A recent article in The Salt Lake Tribune turned the spotlight on the oversized representation of members of The Church of Jesus Christ of Latter-day Saints in Utah’s Legislature.

The complaint, really, is that their numbers are disproportionate – that there is a higher percentage of church members in the Legislature than there are in the population.

But that isn’t really that unusual.

Catholics comprise 22 percent of the U.S. Senate and 32 percent of the U.S. House. Approximately 24 percent of Americans consider themselves Catholic. So their representation in the Senate is pretty even, but they are over-represented in the U.S. House.

Those who practice Judaism comprise 9 percent of the U.S. Senate and 6 percent of the U.S. House. In 2012, the Jewish population in America was between 1.7 percent and 2.6 percent of the population. So, members of the Jewish faith are very over-represented in Congress.

Yet I don’t see newspaper articles about how Catholic and Jewish representation is disproportionate. What would such articles even imply?

So what, then, are the numbers for members of The Church of Jesus Christ of Latter-day Saints in the Utah Legislature?

According to The Salt Lake Tribune, 88 percent of the Legislature are church members, compared to 62 percent of Utah’s population.

OK, that’s pretty lopsided.

But good and bad reasons explain the disparity. White, male patriarchy tend to elect white, male, patriarchy. On the other side, church members are encouraged to give back and serve the community, and many do. So there may be a higher percentage of church members running, and not necessarily a bias among voters.

But what is the purpose of heralding such facts and figures? Are we going to start asking candidates their religious affiliation? Do we want legislation to correct the disparity? Um, no. Hello SB54v.2. Meet the Constitution.

Idaho tried that for about 100 years. It wasn’t a good look.

The battle between religionists and non-religionists is old and tired. Both sides need to get over it. Yes, some people adhere to religious faith. They believe in something they likely can’t explain. So what.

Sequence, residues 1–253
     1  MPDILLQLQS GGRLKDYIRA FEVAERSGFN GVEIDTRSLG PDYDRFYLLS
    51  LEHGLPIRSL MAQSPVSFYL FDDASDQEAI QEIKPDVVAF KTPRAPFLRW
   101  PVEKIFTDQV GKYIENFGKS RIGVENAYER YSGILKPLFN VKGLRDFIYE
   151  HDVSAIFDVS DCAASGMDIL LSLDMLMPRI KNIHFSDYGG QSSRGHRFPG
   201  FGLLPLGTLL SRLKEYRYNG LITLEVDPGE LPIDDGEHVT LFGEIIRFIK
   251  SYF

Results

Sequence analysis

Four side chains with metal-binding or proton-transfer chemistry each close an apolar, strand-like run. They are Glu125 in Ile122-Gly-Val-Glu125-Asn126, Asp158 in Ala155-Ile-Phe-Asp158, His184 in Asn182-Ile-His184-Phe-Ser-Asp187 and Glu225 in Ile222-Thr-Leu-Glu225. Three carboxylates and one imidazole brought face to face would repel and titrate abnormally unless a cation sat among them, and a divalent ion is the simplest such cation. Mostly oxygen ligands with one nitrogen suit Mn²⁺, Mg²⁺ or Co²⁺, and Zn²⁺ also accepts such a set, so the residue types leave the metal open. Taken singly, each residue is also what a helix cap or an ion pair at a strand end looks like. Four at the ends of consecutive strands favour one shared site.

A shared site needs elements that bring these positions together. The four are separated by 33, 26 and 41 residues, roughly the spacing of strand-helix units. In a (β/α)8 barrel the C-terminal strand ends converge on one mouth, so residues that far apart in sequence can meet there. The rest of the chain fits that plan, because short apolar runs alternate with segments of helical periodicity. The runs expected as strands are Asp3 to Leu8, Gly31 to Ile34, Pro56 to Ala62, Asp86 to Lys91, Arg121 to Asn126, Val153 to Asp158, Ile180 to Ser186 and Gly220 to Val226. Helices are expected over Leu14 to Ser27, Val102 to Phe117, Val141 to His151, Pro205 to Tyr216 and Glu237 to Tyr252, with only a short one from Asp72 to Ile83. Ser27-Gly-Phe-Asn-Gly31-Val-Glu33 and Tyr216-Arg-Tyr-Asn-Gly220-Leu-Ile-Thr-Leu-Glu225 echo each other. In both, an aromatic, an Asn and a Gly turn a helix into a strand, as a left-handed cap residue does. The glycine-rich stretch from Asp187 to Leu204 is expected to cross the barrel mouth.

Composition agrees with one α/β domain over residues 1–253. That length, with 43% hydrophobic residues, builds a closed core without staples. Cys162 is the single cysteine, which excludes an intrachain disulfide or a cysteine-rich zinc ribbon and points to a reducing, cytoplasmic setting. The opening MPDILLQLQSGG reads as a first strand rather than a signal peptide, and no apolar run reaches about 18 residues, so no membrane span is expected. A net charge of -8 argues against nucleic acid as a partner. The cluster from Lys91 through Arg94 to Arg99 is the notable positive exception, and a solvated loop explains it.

On the other hand, yes, some people don’t believe in God. And while it’s almost impossible for religionists to not try to convert non-religionists, it’s really not necessary to do so to live together in peaceable, productive society.

Because church and state don’t have to marry.

And that’s where the rub is, in Utah. Too often, church and state intermingle. Just look at the Utah Compact, the Utah Compromise, and the more recent Prop 2 medical marijuana deal.

But is the intermingling a result of the over-representation? Correlation does not equal causation.

And it’s not always a bad result, anyway. The Utah Compact encouraged a more compassionate, inclusive attitude toward immigrants.

The Utah Compromise succeeded in passing antidiscrimination legislation while preserving religious freedom in a conservative state, when most conservative states were pushing back against the cultural shift energized by gay marriage.

And the changes made to Prop 2 allowed for quicker, and safer, adoption of legal medical marijuana. (OK, the jury’s still out on Prop 2.)

Former state Sen. Jim Dabakis has a better read on the issue. He noted that the outsized influence is more a result of who is doing the influencing, specifically, the church’s lobbyists.

Dabakis saw “a dramatic change” when Marty Stephens was hired as the church’s lobbyist in 2017. Stephens is a former Utah House speaker. Thus, his former approach was partisan. His current approach is partisan.

In fact, rumors are circulating that the church’s public affairs office has recently had an exodus of staff. It’s not only non-members who find aggressive middle-managers off-putting.

Dabakis noted that gone are the days where the church’s goal was to “listen to concerns, communicate, and negotiate.” The new goal seems to be pressure and control.

I don’t think member-voters are intentionally trying to elect church members. And I hope non-member-voters don’t intentionally try to elect non-members. Because that just seems un-American.

Utah is a pretty great place to live. I mean, really fantastic. I would love to see some new actors get involved in local and state politics. But I’m certainly not going to bemoan the efforts of those who serve now. They’re doing their best, and it’s pretty dang good.

And quite honestly, it could be worse. Just listen to the recent This American Life podcast 666: The Theme That Shall Not Be Named.

Michelle Quist

Michelle Quist is a columnist for The Salt Lake Tribune.